Location: Application Technology Research2021 Annual Report
The long-term objective of this research is to advance spray applications with coordinated intelligent-decision technologies and strategies that enhance pesticide application efficiency and environmental stewardship for efficacious and affordable control of pest insects, diseases and weeds. Objective 1: Develop intelligent precision technologies to efficiently apply pesticides and bio-products for efficacious and sustainable control of pest insects and arthropods, diseases and weeds to protect horticultural, field and greenhouse crops. Sub-objective 1.1: Develop a reliable and user-friendly intelligent spray-decision system as a retrofit for new and existing air-assisted sprayers to deliver pesticides and bio-products accurately, economically, and environmentally for field specialty crops. Sub-objective 1.2: Develop greenhouse intelligent spray systems for real-time control of individual nozzle outputs to improve spray deposition quality and reduce waste of water and chemicals. Objective 2: Develop coordinated application methodologies to reduce pesticide use, reduce crop protection costs, reduce chemical contaminations to the environment, and protect workers, livestock, natural resources and sensitive ecosystems. Sub-objective 2.1: Improve spray droplet fading process to maximize coverage area after deposition on plants through coordinating spray parameters including droplet size, formulation physical properties, plant surface morphology, and ambient air conditions. Sub-objective 2.2: Improve spray droplet retention and reduce runoff on plants through coordinating the influences of droplet size and velocity, travel speed, spray formulation physical properties, crop leaf surface morphology, and leaf surface orientation on dynamic impact, retention, rebound and spread process of spray droplets on plants.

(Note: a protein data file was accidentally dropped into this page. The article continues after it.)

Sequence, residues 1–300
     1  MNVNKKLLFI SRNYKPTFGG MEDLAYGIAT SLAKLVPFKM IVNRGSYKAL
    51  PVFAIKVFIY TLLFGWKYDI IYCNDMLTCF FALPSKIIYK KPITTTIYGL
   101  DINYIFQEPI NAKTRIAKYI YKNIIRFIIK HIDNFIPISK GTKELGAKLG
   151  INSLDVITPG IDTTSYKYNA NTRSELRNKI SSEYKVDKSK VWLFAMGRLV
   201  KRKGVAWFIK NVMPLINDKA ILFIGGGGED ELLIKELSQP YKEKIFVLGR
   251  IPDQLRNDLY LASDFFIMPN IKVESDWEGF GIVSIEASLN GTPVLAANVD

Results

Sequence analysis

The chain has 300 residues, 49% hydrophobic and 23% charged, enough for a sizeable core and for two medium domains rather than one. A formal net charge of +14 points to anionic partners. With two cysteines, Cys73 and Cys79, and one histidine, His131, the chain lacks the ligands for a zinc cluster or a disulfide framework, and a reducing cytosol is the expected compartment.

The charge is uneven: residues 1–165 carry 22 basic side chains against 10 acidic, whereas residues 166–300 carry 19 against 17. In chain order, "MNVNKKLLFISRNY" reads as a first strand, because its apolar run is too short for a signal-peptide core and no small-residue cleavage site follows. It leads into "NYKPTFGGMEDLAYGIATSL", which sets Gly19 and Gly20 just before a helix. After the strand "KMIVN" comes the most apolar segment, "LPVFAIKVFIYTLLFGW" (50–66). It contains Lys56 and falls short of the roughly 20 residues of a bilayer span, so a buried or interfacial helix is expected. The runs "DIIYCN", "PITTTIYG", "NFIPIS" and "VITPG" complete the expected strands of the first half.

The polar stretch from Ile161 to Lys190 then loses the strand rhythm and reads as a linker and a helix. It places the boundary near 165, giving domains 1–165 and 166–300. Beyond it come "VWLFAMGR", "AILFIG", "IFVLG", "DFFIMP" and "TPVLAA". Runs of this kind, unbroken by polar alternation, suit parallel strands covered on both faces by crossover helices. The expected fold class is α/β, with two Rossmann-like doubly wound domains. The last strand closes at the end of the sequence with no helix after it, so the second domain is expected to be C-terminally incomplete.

A versatile intelligent spray control system and mounting kits will be developed as a retrofit to different types of tractor-driven sprayers to deliver pesticides and bio-products for different specialty crops. A microprocessor controlled premixing inline injection module will be developed and integrated into the versatile spray control system. Performance of these sprayers will be tested for their accuracy to manipulate spray deposition, spray drift, off-target loss and spray volume consumption in comparison with conventional sprayers. Efficacy tests will be conducted in nurseries, apple orchards and vineyards to compare pest control, pesticide quantity used, and cost savings for the sprayers with and without intelligent functions. Spray drift models will be developed to predict movement of droplets discharged from conventional and intelligent sprayers under nursery, orchard and vineyard conditions. Greenhouse intelligent spray systems will be developed for real-time control of individual nozzle outputs to improve spray deposition quality and reduce waste of water and chemicals. The automatic greenhouse spray system will be a retrofit attached to existing watering booms. Laboratory tests will be conducted to validate the spray control system accuracies in spray delay time, nozzle activation and spray volume using artificial objects of different regular geometric shapes and surface textures, and artificial plants of different canopy structures. Spray deposition and pest control efficacy tests in greenhouses will then be conducted to validate the intelligent spray control system. Microscopic spray droplet spreading times and areas on leaves will be investigated to maximize and stabilize coverage area after deposition on plants. Investigation parameters include droplet size, formulation physical properties, plant surface morphology, and ambient air conditions. Droplet fading rate, absorption rate and residual pattern coverage area will be measured on the waxy, semi-waxy and hairy leaf surfaces, and hydrophilic and hydrophobic glass slide surfaces. Field experiments will be conducted in ornamental nurseries, orchards, greenhouses, vegetables, traditional crops and weeds to verify laboratory discoveries effects of the most influenced factors on droplet spreading areas. Dynamic effects of spray parameters on the droplet impact, rebound, retention, adhesion, and spread process on plants will be determined. The parameters are droplet size and velocity, travel speed, spray formulation type, and leaf surface morphology and orientation. Significance of coordinating these parameters to improve spray droplet retention and reduce runoff on plants will be analyzed. Dynamic impact of water-based droplets on plant leaves will also be investigated in a wind tunnel under controlled conditions.